Ohio Paves the Way for Autonomous Vehicles
When it comes to the development, testing and implementation of autonomous vehicles, the state of Ohio is leading the pack.
Columbus, Ohio received a Smart City grant from the federal Department of Transportation a year ago, to continue developing their autonomous vehicle program and the accompanying infrastructure. This grant, along with several other federal/state funded initiatives have paved the way for promising advancements.
The city of Dublin, Ohio and the Transportation Research Center in Marysville, Ohio are working together to develop large scale testing of autonomous vehicle technologies throughout central Ohio. More recently, the state announced plans for a “Smart Mobility Corridor”: 35 miles of highway equipped with fiber optic cables.
Combining the efforts of researchers, engineers, tech experts and government officials, Ohio is on the precipice of a transportation revolution. Their solution is multi-dimensional; and their eggs aren’t all in one basket. The development of a smart highway that can provide data on traffic flow and travel efficiency can provide more immediate assistance with Ohio’s increasing traffic volume.
Continued research on a variety of deployments for autonomous technology and connected manual vehicles ensures that there can be a harmonious blend of the two on the road in the future. Essentially, not everyone has to be in an autonomous vehicle for this solution to succeed.
The most important takeaway from Ohio’s example is this: that a revolution in the transportation sector does not require a Star Trek-esque overhaul. Implementing technology that is ready now while building a system that is easily integrated with inevitable future developments is not only smart, but necessary.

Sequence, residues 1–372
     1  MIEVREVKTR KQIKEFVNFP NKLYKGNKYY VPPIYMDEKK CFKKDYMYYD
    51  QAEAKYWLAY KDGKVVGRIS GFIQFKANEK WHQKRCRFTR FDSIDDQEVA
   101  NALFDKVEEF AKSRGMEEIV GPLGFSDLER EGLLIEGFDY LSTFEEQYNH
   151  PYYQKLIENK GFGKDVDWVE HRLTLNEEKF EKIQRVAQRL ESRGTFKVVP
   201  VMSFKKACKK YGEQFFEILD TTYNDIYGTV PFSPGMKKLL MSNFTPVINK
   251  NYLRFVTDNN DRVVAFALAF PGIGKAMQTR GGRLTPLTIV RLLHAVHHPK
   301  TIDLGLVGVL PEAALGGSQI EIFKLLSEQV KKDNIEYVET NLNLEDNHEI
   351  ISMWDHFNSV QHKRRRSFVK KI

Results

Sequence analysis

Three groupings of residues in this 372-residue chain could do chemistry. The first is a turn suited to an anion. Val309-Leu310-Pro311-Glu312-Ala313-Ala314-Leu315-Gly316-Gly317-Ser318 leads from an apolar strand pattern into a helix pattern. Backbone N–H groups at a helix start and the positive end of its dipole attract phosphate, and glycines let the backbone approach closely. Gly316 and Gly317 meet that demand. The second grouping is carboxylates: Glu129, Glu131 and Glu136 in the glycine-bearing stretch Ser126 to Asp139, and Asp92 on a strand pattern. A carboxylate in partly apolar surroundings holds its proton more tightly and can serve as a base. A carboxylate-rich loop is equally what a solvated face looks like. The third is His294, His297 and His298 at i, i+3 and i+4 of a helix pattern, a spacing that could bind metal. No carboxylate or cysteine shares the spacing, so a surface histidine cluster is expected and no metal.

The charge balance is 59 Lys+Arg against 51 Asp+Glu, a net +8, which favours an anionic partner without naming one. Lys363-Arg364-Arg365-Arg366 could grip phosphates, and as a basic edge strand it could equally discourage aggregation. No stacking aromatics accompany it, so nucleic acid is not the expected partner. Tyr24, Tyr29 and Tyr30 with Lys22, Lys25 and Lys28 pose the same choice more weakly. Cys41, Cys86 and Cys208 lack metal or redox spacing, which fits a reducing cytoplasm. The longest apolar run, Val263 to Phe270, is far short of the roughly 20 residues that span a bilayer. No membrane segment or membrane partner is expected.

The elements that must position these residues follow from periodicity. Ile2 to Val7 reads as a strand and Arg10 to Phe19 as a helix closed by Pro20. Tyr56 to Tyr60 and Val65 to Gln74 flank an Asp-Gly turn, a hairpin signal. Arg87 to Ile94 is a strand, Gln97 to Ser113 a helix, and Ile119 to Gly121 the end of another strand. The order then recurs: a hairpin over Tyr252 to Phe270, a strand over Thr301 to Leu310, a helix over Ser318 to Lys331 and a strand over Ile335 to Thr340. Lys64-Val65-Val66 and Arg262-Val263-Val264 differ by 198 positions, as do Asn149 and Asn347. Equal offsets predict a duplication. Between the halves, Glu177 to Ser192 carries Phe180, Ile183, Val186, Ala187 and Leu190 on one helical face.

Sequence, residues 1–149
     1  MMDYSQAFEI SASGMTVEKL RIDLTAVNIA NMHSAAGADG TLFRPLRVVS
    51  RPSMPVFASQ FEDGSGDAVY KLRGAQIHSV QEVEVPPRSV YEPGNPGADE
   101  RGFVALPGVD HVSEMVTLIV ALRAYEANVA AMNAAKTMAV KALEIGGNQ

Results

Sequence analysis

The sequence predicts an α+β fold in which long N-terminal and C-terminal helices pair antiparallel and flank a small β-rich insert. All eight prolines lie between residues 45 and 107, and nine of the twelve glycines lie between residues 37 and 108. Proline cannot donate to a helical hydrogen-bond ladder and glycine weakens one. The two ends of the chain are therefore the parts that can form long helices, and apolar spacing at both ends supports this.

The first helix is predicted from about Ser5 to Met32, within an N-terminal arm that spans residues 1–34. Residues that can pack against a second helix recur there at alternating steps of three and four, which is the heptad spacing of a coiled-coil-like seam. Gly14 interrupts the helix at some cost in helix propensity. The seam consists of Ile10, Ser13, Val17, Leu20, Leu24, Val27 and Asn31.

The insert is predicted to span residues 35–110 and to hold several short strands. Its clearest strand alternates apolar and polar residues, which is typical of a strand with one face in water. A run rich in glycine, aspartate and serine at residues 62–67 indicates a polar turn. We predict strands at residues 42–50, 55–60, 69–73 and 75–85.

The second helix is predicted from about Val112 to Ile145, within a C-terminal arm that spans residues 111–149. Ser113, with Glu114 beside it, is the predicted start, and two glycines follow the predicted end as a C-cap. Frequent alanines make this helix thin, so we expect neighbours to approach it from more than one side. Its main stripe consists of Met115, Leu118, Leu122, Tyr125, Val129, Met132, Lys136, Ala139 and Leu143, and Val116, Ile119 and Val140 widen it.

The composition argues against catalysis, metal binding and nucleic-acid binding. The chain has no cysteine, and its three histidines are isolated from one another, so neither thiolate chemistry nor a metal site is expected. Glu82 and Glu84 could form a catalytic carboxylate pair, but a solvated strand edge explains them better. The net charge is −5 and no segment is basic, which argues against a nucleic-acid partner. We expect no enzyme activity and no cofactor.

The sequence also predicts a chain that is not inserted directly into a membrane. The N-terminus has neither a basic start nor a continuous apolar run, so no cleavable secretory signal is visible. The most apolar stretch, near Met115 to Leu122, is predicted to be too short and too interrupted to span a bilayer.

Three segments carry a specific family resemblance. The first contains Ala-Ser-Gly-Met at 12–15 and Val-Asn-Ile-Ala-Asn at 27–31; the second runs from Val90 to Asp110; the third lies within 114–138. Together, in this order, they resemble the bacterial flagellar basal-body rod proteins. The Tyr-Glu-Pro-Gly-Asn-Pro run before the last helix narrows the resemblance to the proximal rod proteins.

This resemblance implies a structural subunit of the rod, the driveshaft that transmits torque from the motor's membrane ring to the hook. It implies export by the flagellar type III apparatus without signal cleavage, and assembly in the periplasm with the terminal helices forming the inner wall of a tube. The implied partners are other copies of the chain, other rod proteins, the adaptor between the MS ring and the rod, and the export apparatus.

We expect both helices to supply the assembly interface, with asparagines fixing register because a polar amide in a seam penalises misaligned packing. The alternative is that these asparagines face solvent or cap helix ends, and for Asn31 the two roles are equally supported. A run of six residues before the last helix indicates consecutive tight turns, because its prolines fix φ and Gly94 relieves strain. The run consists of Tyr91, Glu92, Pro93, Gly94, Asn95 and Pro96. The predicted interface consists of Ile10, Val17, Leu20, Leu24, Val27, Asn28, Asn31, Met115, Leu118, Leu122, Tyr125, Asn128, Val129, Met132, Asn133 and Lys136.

Imagine the smaller changes that have immense benefits: if your car is able to connect to the smart highway, reading the data on traffic flow, and suggest an alternate route to your navigation system that may save you a few minutes. What if that same data could inform your engine and switch to eco mode, knowing you will be idling for some time on your exit ramp, saving you some gas mileage.
These small applications do not disrupt our current experience of driving, but they fundamentally alter the nature of transportation efficiency. How can a small shift in data collection in analysis have a big effect on your bottom line?
At ClearObject, our team works to analyze your organization’s systems and technologies, finding a solution that is minimally disruptive to your team’s daily work while changing the way you leverage data.
Clare Maher is the Product Marketing Manager at ClearObject. A graduate of Saint Mary’s College (#gobelles), Clare can usually be found yelling at the screen during a Notre Dame game, quoting any film ever made or touring the Indy restaurant scene.